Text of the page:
We might have our quibbles about Nokia's performance in the high-end smart phone market, but one thing the crazy Finnish company knows how to do is bring affordable, easy-to-use mobiles to the masses. Well masses, get ready to celebrate, because we're here to review the Nokia 5228 -- a Symbian S60 5th edition mobile that's yours for around £70 on pay as you go. It also comes in a talented X Factor-themed version exclusively from Carphone Warehouse, who provided our sample, so we're giving this review an X Factor theme, too.
Enter stage right
Hello and welcome to the CNET UK tech auditions. We've gathered the world's cruellest, most heartless tech judges together to shatter the dreams of aspiring gadgets from all over the country. Without further ado, let's meet our first performer: the Nokia 5228 mobile telephone.
The Nokia 5228 hails from a little-known European country, and has travelled to the UK with the dream of bringing happiness to mobile-hungry Brits with its 3.2-inch resistive touchscreen, built-in accelerometer and 2-megapixel camera. Life hasn't always dealt the Nokia family a fair hand -- their business is struggling thanks to increased competition from big scary corporations like Apple and HTC, but the 5228 tells us its parent corporation has always given it "all the support in the world." Will that support be enough to impress our judges?
FIND OUT AFTER THE BREAK.
Stood trembling before us on stage, we have to say the 5228 isn't much of a looker. Rather chunky at 111 by 51.7 by 15.5mm, this mobile doesn't have the rockstar chic of more slender handsets, and it's liable to bulk out your pocket somewhat if you stuff it in your jeans. With a dull, silvery sheen covering the front and back of the handset, there's not a great deal of glamour to go around, either. The sourest note is an ugly plastic lip that surrounds the 5228's faceplate, and really breaks up what could have been a smooth, sleek design.
Around the edges of this frumpy phone you'll find mechanical volume keys, a camera button, power switch, 3.5mm socket for headphones, micro-USB port and two covered ports for your SIM and microSD card.
So, not much of a looker then -- our judges' fingers are poised over the buzzers. But looks can be deceiving, so we're going to give the 5228 a chance to Susan Boyle us. (Yeah, yeah, we know. That was Britain's Got Talent. They're all the same to us).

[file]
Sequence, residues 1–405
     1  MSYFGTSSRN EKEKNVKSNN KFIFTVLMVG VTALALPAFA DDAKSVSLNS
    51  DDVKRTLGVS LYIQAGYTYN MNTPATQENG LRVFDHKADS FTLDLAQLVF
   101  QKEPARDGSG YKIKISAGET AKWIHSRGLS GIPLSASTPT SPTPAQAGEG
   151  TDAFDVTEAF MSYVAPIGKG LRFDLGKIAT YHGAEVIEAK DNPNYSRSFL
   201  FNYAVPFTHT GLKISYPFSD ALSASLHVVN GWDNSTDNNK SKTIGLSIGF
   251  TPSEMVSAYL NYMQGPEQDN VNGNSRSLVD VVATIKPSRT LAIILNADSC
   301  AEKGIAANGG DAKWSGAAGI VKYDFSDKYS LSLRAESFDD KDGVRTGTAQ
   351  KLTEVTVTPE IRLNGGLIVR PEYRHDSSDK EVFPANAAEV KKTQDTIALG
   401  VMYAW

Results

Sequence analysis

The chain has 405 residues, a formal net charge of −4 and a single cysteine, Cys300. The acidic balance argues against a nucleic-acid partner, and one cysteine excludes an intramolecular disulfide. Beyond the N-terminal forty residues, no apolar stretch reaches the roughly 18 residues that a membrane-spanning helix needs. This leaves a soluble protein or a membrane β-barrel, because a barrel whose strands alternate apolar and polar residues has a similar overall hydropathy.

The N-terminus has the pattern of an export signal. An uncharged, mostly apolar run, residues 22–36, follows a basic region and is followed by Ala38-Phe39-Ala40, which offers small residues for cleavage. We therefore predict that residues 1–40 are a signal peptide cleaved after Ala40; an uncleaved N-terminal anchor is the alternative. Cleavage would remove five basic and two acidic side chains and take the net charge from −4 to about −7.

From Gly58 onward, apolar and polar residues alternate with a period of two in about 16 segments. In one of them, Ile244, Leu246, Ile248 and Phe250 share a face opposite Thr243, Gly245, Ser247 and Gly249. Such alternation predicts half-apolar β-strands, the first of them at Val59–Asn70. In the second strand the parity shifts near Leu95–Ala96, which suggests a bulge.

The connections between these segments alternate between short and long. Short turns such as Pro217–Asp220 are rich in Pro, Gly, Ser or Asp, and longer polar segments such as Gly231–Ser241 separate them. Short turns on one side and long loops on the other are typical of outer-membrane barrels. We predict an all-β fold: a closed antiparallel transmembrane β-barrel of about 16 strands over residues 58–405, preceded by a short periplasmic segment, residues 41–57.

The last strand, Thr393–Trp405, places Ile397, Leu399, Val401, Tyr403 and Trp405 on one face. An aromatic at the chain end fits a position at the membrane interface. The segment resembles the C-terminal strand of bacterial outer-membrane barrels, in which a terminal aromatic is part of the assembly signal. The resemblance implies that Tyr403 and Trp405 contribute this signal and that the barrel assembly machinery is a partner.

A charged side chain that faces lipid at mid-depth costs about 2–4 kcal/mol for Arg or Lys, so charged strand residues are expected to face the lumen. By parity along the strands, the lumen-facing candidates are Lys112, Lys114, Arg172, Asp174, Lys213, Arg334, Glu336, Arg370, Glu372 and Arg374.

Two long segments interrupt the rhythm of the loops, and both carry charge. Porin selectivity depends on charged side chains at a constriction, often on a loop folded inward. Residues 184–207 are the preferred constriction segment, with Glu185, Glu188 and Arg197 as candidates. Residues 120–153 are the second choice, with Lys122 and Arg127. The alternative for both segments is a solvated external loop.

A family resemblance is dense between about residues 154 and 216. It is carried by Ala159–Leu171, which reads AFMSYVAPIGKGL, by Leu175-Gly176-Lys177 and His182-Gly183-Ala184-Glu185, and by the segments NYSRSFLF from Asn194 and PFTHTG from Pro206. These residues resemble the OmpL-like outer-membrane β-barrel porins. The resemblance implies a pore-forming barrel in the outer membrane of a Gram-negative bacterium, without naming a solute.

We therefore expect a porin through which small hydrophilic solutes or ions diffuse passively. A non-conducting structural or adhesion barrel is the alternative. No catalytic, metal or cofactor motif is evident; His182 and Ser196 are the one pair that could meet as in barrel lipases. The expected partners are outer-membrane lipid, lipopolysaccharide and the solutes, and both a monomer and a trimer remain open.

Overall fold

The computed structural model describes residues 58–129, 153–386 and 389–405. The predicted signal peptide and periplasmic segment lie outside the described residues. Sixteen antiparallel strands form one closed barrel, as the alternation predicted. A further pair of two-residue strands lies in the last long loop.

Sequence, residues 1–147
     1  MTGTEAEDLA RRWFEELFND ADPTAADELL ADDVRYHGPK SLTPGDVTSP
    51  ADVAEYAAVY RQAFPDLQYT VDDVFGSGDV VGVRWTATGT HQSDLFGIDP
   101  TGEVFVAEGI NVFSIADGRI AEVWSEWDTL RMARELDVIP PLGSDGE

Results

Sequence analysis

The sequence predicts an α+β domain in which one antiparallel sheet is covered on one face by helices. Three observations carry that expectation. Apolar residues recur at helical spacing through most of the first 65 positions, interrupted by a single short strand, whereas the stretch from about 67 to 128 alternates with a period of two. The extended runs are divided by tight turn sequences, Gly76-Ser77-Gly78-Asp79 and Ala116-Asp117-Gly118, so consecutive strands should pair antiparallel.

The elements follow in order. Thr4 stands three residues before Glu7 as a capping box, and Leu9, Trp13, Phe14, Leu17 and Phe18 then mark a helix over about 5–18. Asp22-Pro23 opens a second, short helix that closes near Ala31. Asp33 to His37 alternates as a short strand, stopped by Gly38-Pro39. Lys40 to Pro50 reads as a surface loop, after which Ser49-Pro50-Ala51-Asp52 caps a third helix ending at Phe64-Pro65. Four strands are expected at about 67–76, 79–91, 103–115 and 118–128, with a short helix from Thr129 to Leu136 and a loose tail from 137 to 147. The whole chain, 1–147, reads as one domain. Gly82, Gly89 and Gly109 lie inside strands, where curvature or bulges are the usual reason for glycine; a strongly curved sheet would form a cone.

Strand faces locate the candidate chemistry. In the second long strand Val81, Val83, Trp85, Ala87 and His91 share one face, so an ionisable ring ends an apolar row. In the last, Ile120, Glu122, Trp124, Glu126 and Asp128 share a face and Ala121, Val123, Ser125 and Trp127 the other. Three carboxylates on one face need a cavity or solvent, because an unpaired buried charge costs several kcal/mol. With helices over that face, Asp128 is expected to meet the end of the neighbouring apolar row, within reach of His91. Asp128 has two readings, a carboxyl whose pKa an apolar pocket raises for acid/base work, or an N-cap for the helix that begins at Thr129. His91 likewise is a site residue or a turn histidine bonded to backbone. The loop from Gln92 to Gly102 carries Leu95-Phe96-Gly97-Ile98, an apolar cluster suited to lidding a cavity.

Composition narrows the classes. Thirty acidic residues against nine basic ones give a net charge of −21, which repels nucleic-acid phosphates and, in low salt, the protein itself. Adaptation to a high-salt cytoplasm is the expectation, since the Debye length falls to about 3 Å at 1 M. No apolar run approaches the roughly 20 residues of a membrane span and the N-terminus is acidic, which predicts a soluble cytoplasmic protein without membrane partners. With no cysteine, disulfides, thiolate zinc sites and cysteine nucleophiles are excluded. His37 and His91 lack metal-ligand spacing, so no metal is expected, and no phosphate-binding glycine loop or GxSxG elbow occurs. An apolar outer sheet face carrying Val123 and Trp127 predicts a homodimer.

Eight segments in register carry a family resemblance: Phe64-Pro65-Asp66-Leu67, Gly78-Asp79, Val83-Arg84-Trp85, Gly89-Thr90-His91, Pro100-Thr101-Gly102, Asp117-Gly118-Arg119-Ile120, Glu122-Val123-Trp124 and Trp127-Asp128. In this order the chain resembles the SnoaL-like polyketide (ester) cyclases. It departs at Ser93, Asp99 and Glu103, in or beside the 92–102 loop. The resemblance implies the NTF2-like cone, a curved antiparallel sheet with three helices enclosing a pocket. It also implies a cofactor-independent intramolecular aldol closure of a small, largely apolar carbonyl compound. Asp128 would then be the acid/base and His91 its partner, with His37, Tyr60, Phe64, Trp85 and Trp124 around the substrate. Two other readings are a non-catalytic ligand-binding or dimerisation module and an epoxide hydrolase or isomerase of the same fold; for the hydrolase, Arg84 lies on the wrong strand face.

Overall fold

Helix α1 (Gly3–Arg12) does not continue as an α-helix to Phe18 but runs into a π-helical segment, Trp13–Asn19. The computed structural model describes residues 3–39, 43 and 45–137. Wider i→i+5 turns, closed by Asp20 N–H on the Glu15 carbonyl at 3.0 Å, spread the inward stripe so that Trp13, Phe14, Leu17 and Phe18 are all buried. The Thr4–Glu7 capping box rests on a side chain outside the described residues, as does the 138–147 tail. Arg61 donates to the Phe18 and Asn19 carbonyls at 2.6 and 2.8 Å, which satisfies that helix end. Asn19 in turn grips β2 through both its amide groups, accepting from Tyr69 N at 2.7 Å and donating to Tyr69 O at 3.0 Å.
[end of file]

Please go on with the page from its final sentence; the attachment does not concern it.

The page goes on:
Sadly, unlocking the 3.2-inch screen and revealing the display doesn't give us too much cause for celebration. When this mobile opens its mouth we can see that the display is set quite far back from the actual screen. It's a little disappointing because, although the display is quite bright and offers a decent resolution (640x360 pixels), that extra distance makes it look a little dull. Needless to say, photos and video on this phone won't look great. As far as the display goes, Nokia 5228, it's a 'no' from us.
The interface itself will be familiar fare to anyone who's owned or used a Nokia Symbian phone before. The layout is pretty simple and intuitive, which definitely works in this phone's favour. Even though it's a resistive rather than capacitive touchscreen, we found tapping out texts and navigating the phonebook was reasonably straightforward.
On the other hand, this phone falls flat as soon as you try and do anything a little more complicated with it. The Web applications aren't very intuitive, and they're so loaded with security pop-ups that doing anything in a hurry quickly becomes a real pain. The only thing that stopped this mobile from being escorted from the stage was a generous smattering of pre-loaded software, such as Facebook, MySpace and Amazon apps. The 5228 definitely shows potential here, as we can see these apps coming in handy.
What about the 5228's 2-megapixel camera? Will it wow the judges? Or is this a national embarassment of Jedwardian proportions? We'll tell you. AFTER THE BREAK. Ba bum bum.
Welcome back. Before the break, we saw the Nokia 5228's Web capabilities failing to impress the judges. It's dying on stage. Can the 5228's camera tech save it from elimination?
Actually, yes! The 2-megapixel snapper on the rear of this bad boy might not be stage-stealing hardware on its own, but the camera software on offer here is impressively swift. Affordable mobiles like this often pack fruit-throwingly terrible software, creating a sluggish snapshot experience that prevents you from capturing the moment. Not this shutterbug. We were equally impressed with the speed of the camcorder app and the frame rate of recorded footage during playback.
The nifty camera might have distracted our judges momentarily, but the disappointing lack of 3G and Wi-Fi connectivity is a dealbreaker. The final, unforgivable flaw of this phone is that the only X Factor content included is a pre-installed app, which shows you a few videos from the show before crashing spectacularly. That's it, though -- no wallpapers, no images and no sign of Cheryl Cole's personal phone number. Since there's obviously been so little effort made to theme this phone, we sort of wish we hadn't gone to so much trouble to write this tortuous themed review. Security, escort this phone from the stage.
The Nokia 5228 poured its heart and soul into this performance, but despite its best efforts, it was simply drowned out by the horde of competing mobiles that offer more features at the same price point. With the X Factor branding offering only a broken app, there's no reason to opt for this phone over rivals such as the LG Cookie Fresh GS290.
Edited by Emma Bayly